Real Life Risky Play

On a fall afternoon, I was outside supervising a group of neighborhood kids playing in my yard and neighboring yards. I am a big fan of risky play, so watching them scale apple trees and climb up our rope swing was bringing me so much joy! (And yes, some anxiety. But I do trust them and their ability to know when it’s too much for their body.) 

At one point they found a ladder lying on the ground that they worked together to prop up onto a stump in the yard- yay for teamwork! They were using this ramp to climb up and down and hang on and jump off of it, it was great to watch. However, upon closer inspection, I realized that right under the propped-up ladder were several 2×4 boards that were full of rusty screws and nails. 

Instantly their risky play turned to dangerous play. 

I was able to take a second to gather my thoughts and plan my next move, how I reacted could drastically change the outcome of their work. 

There was danger, but nothing was immediate. Courses needed to be changed, but it wasn’t a life-or-death situation at the moment that I needed to swoop in right away. 

I offered them some awareness of the situation,
“Hey guys, let’s look around really quick. What do you see on the ground? Boards with nails in them? Yeah, that can be dangerous if we fall on them! What can we do to make this a little safer?” 

Their first solution was to move the boards away from where they were playing, but with the number of children and only myself there to supervise them, I didn’t feel like this would be a safe option to make sure all of the boards were picked up and moved without a nail going through someone’s hand or foot, so I had to tell them we needed to find a new option. 

After some more deliberation, they decided to work together to pick up the ladder and move it to a different area to prop up and play on again. After moving it, the ladder was taller and in a more risky position to play on, but the danger of it was gone because it was a safer landing than the alternative. 

They played with their setup for hours and hours with no incident! And maybe they would have played in their first location for that long with no harm to anyone either, but the danger there was not something I could ignore. 

Risky play is important and good and needed, but as a caregiver, it’s my job to determine when risky play turns into dangerous play.

There was so much learning in this situation, both for the children, and myself! I am not perfect and every situation isn’t handled this well every time. But with practice and time, I’ve learned more and more how to differentiate between risky and dangerous play and the best way to approach the changes we need to make in order to keep everyone safe, while still giving them opportunities to learn through risk. 

Other helpful articles on risky play: 

Risk Vs. Reward: Risky Play for Children

When Does Risky Play Become Dangerous Play? How to Find the Balance

If We Can’t Say Be Careful, What Do We Say?

So What Do We Say If We Can’t Say Be Careful?

When supervising risky play, it’s important to avoid saying “be careful.” I know, I know. This is hard to do, it’s a phrase deeply ingrained in our brains. I’m still working on it myself! Looking through the child’s lens, hearing “be careful” is such an empty saying. Be careful with what? How? Where? When?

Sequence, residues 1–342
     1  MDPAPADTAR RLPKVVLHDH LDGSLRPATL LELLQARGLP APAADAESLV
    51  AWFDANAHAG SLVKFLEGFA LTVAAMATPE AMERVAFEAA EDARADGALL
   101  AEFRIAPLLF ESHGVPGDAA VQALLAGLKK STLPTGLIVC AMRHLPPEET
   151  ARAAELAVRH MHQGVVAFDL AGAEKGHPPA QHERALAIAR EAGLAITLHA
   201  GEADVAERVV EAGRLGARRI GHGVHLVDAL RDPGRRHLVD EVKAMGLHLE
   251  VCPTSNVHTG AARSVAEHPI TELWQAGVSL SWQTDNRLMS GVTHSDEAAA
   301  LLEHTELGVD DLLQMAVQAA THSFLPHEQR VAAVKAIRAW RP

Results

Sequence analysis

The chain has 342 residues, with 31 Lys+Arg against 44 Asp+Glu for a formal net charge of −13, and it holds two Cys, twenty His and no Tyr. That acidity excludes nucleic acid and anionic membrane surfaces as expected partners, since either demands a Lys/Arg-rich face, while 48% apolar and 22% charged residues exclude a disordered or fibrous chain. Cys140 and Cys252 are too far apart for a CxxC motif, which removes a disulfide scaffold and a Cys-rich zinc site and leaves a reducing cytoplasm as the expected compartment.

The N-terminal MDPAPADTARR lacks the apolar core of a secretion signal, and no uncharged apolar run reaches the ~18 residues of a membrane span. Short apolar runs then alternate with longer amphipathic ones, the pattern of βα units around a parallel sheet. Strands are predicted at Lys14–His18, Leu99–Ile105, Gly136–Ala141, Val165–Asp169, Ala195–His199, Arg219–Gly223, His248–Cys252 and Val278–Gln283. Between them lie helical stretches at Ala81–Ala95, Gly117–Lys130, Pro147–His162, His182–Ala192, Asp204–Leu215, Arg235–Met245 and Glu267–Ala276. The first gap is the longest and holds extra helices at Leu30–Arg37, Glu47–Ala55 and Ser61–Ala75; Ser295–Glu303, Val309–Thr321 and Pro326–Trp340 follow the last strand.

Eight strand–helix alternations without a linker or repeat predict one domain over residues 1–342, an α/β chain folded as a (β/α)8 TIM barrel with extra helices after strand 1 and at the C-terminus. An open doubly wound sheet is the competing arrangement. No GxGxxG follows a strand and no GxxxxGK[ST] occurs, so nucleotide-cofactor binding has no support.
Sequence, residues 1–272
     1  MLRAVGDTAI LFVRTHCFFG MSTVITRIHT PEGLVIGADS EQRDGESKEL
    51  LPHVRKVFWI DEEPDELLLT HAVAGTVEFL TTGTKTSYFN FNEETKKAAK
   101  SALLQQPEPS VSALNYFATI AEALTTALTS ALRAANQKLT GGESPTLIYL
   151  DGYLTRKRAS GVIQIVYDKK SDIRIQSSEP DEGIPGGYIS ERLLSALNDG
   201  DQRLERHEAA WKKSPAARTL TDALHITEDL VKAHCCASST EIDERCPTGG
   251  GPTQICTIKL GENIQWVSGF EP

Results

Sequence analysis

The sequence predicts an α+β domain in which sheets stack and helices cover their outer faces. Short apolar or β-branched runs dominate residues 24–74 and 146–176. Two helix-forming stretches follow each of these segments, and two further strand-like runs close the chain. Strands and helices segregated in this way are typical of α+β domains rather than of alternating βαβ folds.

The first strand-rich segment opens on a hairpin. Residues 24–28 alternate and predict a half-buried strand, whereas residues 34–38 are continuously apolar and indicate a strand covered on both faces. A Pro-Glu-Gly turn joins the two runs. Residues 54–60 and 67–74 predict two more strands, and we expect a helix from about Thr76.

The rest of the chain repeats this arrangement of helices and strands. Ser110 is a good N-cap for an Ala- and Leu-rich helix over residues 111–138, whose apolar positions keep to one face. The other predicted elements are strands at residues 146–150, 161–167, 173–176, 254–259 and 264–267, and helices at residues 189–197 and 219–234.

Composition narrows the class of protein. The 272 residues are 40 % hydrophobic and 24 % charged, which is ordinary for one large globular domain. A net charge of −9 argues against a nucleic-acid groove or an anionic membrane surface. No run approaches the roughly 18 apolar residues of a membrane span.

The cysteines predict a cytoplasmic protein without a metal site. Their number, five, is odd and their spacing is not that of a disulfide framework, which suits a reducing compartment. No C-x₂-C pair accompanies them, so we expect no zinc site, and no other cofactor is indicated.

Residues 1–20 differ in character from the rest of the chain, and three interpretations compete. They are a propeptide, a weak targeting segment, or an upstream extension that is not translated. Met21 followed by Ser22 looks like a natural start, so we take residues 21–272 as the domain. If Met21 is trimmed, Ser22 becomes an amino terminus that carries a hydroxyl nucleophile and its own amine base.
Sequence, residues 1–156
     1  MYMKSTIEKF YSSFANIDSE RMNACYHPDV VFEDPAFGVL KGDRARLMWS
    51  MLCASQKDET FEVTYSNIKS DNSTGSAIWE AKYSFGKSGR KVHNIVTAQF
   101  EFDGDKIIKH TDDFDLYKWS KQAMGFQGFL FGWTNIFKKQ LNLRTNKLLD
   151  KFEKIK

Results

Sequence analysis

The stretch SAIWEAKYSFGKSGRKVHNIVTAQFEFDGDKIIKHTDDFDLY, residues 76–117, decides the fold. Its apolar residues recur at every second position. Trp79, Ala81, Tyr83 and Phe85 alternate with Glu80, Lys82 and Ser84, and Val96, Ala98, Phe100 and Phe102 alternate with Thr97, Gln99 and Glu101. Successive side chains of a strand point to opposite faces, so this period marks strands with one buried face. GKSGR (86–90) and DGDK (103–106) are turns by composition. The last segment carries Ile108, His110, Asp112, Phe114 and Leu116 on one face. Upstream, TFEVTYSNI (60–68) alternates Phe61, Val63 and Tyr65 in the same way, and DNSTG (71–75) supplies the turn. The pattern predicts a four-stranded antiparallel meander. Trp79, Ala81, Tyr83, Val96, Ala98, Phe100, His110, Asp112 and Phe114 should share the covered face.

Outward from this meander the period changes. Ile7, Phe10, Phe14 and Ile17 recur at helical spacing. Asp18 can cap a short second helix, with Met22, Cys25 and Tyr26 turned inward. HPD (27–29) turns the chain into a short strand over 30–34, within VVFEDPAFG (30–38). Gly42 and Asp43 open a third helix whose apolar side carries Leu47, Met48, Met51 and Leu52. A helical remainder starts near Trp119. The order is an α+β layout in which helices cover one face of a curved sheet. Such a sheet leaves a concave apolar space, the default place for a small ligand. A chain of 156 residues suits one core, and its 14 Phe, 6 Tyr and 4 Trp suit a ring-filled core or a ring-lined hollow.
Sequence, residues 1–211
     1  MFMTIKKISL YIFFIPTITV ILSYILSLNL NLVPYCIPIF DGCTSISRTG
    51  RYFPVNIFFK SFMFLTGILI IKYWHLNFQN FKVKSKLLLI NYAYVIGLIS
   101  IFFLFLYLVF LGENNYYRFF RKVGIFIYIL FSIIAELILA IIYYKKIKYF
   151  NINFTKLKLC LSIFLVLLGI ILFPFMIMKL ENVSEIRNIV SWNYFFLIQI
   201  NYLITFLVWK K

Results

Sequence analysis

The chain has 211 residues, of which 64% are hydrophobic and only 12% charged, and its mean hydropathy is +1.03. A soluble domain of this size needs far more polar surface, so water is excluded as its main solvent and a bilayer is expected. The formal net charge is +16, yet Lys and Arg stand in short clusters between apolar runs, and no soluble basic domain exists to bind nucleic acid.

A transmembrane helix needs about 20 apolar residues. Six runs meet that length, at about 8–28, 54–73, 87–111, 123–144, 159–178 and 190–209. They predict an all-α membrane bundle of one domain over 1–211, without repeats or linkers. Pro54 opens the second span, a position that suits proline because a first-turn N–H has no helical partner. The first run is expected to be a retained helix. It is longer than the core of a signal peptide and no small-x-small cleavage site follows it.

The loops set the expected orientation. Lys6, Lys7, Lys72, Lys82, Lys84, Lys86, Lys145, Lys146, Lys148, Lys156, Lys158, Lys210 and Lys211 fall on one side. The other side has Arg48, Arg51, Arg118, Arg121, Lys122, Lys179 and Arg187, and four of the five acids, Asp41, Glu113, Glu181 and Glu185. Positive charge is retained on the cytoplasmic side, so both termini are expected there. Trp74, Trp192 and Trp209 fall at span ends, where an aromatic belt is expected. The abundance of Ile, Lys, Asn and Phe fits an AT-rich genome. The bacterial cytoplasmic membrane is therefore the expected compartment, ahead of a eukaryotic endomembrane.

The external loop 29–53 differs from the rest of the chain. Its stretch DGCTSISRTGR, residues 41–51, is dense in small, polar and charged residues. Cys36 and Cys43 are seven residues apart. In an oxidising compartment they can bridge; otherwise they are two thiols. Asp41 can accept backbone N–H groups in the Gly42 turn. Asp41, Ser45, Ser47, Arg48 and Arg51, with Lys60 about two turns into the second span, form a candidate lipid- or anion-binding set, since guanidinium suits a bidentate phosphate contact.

The question I ask myself when I’m tempted to turn to the same phrase is instead, “Do they need advice or do they need awareness?”

Awareness: When I can see a bigger picture they maybe can’t or haven’t realized yet. 

Example: 3 year old climbing an apple tree, but doesn’t know that one of the branches is dead and not as sturdy as the rest of the tree branches. 

Situation 1: I call over- “Be careful!” The child grabs the branch, the branch breaks, the child falls out of the tree. I’m frustrated because I told him to be careful, he’s frustrated because he’s still not sure why he fell out of the tree. 

Situation 2: I move slightly closer and point out things he can make himself aware of. “Look at the branch you are sitting on, it’s so full of leaves and so strong! Is that next branch up also full of leaves? How does it feel when you grab it?” Child reluctantly grabs the branch, realizes it’s dead and not sturdy, then finds a new path to climb. 

Advice: The child is attempting a task for the first time and needs advice on how to find success. 

Example: A child walking along a fallen log to cross a slow, shallow river for the first time. 

Situation 1: I call over, “Be careful!” Child gets the footing wrong, falls into the water, and everyone is upset. 

Situation 2: I step closer and offer advice and coaching on how to help my child across the log so they can still perform independently and have this learning opportunity, but by adding in the coaching I just took the task from dangerous to risky. 

It’s a tricky mind shift and it takes a lot of practice, I know this from experience! However, choosing your words carefully when engaging children in risky play will turn out to become a huge benefit in the long run. 

Here are some other phrases that can help you make this conversation shift: 


“Do you notice how….”
“How is your body feeling?”
“Is this stable or wobbly?
“If you look up, do you see what I’m seeing?”
“What’s your plan?” 
“How do you want to accomplish this?”


“When I do this activity I like to…”
“You might want to try…”
“When using this tool, a good safety feature we need to know is…”
“The rules for using xyz include…” 

Now please do not get me wrong, if your child is in immediate danger, please take all necessary steps to keep them safe. But risky play is needed developmentally and is so good for the child in the long run. It’s forever a balance between risky and dangerous play! However, I can promise you that calling out, “Be careful!” will not make the activity any less dangerous. 

What phrases do you use with your child instead of “Be careful?” 

Cover photo by Mallory Wilcox